Lung protective ventilation during the intraoperative period has been associated with controversial clinical benefits in patients undergoing general anesthesia (1,2). While there is unity on the application of physiological tidal volumes (VT 6–8 mL/kg of predicted body weight), at least for double lung ventilation, there is a lack of consensus on how to set positive end-expiratory pressure (PEEP) intraoperatively. Individual characteristics, such as body mass index, chest wall dimensions, preoperative lung condition, and pleural pressures, make it impossible for anesthesiologists to choose the optimal PEEP level without additional monitoring.
Some authors advocate personalized PEEP titration based on several techniques, while others suggest that this fine-tuning is clinically irrelevant and recommend the use of low and fixed PEEP levels to all patients. Too low PEEP levels, however, can lead to atelectasis and lung heterogeneity, which can increase driving pressure (ΔP), a variable associated with the development of postoperative pulmonary complications (PPC), including ARDS (3,4). To complicate things further, the development of atelectasis depends not only on the intraoperative PEEP, but also on the type of surgery, the use of recruitment maneuvers, the postoperative ventilator weaning process, and respiratory therapy.
With a much higher incidence after thoracic than after abdominal surgeries, PPC are associated with increased hospital mortality, ICU admission, and hospital length of stay (5). Thoracic surgery is particularly risky in elderly patients (6), in whom details can make a difference. In these patients, a personalized perioperative approach to reduce the risk of hypoxemia, lung injury, and other pulmonary complications seems justified. One should pay especial attention to chest wall and thoracic spine deformities, respiratory muscle weakness, increased alveolar dead space, and diminished ventilatory response to hypoxia and hypercapnia. This individualized care gives more emphasis on physiology and functional status than on chronologic age (6).
Unsafe ventilator settings, mainly when applied on top of atelectatic lungs, as well as atelectasis per se, are factors associated with PPC. Adequate management of these two modifiable factors during the perioperative period can lead to improved outcomes. For instance, a postoperative intensive alveolar recruitment strategy in the ICU to reduce atelectasis in hypoxemic patients after cardiac surgery resulted in less severe pulmonary complications and reduced hospital and ICU length of stay (7). Intraoperative unsafe ventilator settings not always cause clinically relevant lung injury and PPC. One can ventilate healthy lungs with low PEEP values and moderately high driving pressures without producing significant damage if the duration of ventilation is short, and the surgery does not trigger a systemic inflammatory process that facilitates lung injury (8,9). The combination of unsafe ventilator settings and high-risk surgeries, nevertheless, increases the risk of PPC.
In most clinical trials, it is hard to distinguish the role of lung injury and postoperative atelectasis in the development of lung complications. In thoracic surgeries with one-lung ventilation (OLV), differentiating these modifiable factors seems to be a more significant challenge. In this scenario, there is an increased risk of lung injury due to considerable lung stress and strain in addition to the presence of atelectasis of at least one whole lung. Moreover, the damage to the lungs can be aggravated by the inflammation induced by this type of surgery (10). Hence, one should not overlook the importance of adequate ventilator settings in mitigating lung injury.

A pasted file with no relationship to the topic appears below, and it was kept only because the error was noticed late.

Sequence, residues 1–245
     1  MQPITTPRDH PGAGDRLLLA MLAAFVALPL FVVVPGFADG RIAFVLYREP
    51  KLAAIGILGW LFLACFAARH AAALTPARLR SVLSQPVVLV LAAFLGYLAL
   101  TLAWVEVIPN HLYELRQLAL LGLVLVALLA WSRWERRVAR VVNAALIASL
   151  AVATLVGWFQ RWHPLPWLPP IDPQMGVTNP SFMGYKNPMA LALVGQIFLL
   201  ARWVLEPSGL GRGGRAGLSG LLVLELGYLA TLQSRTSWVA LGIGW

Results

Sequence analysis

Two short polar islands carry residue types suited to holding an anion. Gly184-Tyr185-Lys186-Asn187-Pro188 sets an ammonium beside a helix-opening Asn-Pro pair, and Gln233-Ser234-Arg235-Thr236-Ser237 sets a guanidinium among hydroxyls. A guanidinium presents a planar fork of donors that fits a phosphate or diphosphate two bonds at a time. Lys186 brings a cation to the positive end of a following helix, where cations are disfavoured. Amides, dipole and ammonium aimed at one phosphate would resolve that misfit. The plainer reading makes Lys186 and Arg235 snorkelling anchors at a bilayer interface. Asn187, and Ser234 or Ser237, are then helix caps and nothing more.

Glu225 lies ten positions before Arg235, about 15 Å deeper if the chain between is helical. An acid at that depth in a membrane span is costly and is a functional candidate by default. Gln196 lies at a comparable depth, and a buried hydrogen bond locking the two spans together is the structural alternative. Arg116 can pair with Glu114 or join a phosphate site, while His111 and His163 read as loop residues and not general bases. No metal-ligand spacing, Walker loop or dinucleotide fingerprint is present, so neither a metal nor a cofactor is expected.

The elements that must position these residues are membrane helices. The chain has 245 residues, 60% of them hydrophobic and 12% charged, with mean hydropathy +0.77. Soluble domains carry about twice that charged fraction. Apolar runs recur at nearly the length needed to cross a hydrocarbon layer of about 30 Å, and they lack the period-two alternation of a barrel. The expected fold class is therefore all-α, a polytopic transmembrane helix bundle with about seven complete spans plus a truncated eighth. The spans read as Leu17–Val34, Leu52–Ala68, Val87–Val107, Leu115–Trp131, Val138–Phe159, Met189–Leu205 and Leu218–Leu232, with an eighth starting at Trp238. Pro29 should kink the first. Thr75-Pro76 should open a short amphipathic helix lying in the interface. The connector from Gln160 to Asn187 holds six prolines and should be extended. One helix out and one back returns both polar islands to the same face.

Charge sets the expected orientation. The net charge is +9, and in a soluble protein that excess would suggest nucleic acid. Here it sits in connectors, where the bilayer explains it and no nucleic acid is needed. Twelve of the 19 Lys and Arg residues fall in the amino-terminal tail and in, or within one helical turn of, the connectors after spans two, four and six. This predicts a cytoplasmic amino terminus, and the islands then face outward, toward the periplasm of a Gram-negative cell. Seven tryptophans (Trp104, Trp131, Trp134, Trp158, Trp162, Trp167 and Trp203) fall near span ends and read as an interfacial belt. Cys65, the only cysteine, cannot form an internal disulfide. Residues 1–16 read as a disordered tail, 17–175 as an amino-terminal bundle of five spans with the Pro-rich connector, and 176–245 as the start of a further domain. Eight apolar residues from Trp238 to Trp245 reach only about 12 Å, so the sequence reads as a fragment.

In OLV, however, there is no solid consensus on how to set the ventilator (11). A Canadian multi-institutional survey on the use of lung-protective strategies during OLV, published in 2018 (12), concluded that most anesthesiologists defined low peak airway pressure as the primary target of lung-protective ventilation. Furthermore, in this survey (12), only 64% of the respondents actively tried to minimize VT, a variable associated with a lower incidence of PPC when accompanied by adequate PEEP (13). Previous studies on protective ventilation during intraoperative OLV showed the benefits of associating physiological VT and PEEP (14-18). Three clinical trials compared low VT (<8 mL/kg) with high VT (≥8 mL/kg) (14,15,17), and another study randomized patients to an individualized PEEP which produced the lowest driving pressure or to a PEEP of 5 cmH2O (16). All of them (13,15-17) pointed to an association of high VT and high driving pressure with pulmonary complications. Finally, an additional risk for PPC following thoracic surgery is the use of high FIO2, which is often necessary to maintain oxygenation with insufficient PEEP levels (19).
In this issue of Annals of Translational Medicine, Liu et al. (20) performed a randomized clinical trial to evaluate the influence of PEEP on oxygenation and lung mechanics in elderly patients undergoing elective thoracoscopic surgery. The authors randomly allocated 100 patients aged 65 years or more into one of two groups: (I) PEEP of 5 cmH2O (PEEP5) or (II) PEEP titrated according to electrical impedance tomography (PEEPEIT). During a decremental PEEP titration from 15 to 1 cmH2O, the authors defined PEEPEIT as the intercept point between overdistention and collapse after a recruitment maneuver. Other ventilatory parameters were the same during double-lung ventilation and OLV. They found that PEEPEIT was significantly higher than PEEP5; furthermore, PaO2/FIO2 and dynamic compliance (Cdyn) were higher while driving pressure was lower in PEEPEIT compared to PEEP5. After surgery, all patients were extubated with PEEP of 5 cmH2O. There were no differences in the use of vasopressors, PPC or hospital length of stay.